Woodworker's Journal 2007-Winter, страница 35
If you've ever tried to hollow out the inside of a vase or other narrow form, you know that at some point you'll have to remove the tailstock. This steady rest resolves the dilemma of working without the tailstock by securing the turning between four in-line skate wheels. Better still, the T-tracks make the rest easy to adjust for turning different diameters.
Constructing the Rest
Begin by cutting a piece of plywood to size for the frame (piece 1). Mill two diagonal dadoes in one face, then lay out the circle on the frame and cut it out with your jigsaw. Sand the edges with a drum sander chucked in the drill press, and form the small notch for each wheel nut to slide into, as shown in the Drawing on the facing page.
Slide the wheels (pieces 2) onto their axles (pieces 3) with a washer (piece 4) located between each wheel and bolt head. Slide a second washer onto the axles so a pair of washers sandwich each wheel. Keep them in place temporarily with the wheel nuts (pieces 5).
Cut the T-track (pieces 6) to length and file or sand each end to remove any burrs. Drill a 17/64" hole located 1/2" from one end of the T-track sections. Remove the nuts and slide the axles into these holes. Secure them with a washer and locking nut so the nut is on the open side of the T-track.
Installing the T-tracks
The diagonal dadoes in the jig are milled to accept standard T-track. To install it, begin by drilling a 5/16" hole in each dado, centering it both side-to-side and along the length of the dado. Slip a T-bolt (piece 7) into each hole so the large head of the T-bolt sits in the dado. On the other side of the base plate, slide a T-bolt washer (piece 8) onto the protruding threads of each bolt, then screw the knob in place with a couple of turns. Push the knob in to raise the T-bolt's head in the dado, and slide the track into the dado, catching the bolt head as you do.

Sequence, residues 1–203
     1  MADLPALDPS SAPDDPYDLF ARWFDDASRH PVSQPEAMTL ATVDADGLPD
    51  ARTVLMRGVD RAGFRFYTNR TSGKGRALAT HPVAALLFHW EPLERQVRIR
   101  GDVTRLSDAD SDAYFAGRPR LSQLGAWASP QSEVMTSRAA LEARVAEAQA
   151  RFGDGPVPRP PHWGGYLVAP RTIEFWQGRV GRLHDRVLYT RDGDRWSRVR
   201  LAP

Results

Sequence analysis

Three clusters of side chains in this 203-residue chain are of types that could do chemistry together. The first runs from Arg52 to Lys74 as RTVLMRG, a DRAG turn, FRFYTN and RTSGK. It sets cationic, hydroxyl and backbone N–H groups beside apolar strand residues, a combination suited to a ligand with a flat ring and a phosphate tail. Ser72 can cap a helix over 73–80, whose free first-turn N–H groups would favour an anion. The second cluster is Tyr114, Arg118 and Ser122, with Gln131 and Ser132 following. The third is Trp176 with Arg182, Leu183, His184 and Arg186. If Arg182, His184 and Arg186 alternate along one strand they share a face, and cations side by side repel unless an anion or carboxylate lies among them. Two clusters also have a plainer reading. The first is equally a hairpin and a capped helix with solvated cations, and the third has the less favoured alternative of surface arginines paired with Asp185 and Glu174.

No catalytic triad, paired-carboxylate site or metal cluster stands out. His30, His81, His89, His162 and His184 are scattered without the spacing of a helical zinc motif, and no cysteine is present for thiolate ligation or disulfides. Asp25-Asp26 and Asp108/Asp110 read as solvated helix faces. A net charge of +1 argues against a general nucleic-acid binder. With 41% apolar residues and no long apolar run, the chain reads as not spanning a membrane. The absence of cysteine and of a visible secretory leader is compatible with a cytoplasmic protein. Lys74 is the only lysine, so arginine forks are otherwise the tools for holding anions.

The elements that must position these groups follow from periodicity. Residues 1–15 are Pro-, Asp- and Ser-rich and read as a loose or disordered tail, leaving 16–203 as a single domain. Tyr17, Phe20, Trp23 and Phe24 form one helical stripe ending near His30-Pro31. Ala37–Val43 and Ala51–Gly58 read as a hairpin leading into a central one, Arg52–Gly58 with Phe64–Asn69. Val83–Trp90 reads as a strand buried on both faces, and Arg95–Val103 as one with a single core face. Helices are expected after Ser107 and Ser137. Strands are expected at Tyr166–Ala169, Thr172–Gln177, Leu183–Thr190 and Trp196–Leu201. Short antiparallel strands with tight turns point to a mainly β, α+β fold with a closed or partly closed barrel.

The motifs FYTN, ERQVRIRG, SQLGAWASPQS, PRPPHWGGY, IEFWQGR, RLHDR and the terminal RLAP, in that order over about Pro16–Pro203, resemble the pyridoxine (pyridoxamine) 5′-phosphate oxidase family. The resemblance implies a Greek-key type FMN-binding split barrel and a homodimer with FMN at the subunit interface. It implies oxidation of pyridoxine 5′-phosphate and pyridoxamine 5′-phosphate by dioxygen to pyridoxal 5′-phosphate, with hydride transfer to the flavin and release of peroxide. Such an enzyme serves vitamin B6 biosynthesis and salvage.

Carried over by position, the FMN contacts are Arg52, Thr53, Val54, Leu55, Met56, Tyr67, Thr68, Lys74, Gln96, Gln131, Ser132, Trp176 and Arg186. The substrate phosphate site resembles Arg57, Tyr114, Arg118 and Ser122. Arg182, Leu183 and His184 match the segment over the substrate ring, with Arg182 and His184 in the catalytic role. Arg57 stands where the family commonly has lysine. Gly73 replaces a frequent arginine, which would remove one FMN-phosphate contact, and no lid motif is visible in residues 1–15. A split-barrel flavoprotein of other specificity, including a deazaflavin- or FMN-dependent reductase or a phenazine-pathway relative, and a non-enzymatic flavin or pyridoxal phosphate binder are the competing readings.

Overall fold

Mounting the Jig on Your Lathe
No two lathes are alike, so the mount for your jig may have to be customized. A good starting place is to create a mounting plate (pieces 10 and 11) at a right angle to the face of the jig. These pieces are cut to size, glued together and glued in place. Glue a couple of triangular gussets (pieces 12) to the frame and plate, then move on to creating the rest of your base (pieces 13 through 16), which will vary with the type of lathe you own.
To locate the jig correctly, chuck a piece of straight dowel or steel pipe between the centers, slipping it through the jig as you do. Then you can adjust the wheels so they are centered and locked on the dowel. The jig is now located properly, and you can measure for your custom mounting device.
After you've mounted a workpiece in the jig and the wheels have been drawn up to ride freely and lock in place, install a chuck on the tailstock. Use a Forstner bit in the chuck to core out the neck, rather than hogging out the inner waste with a gouge. It's a safer and smoother method. £
Here's an example of an inside-out turning made by Ron Mostel, designer of this steady rest. Ron has experimented with various materials using his steady rest, including Corian®.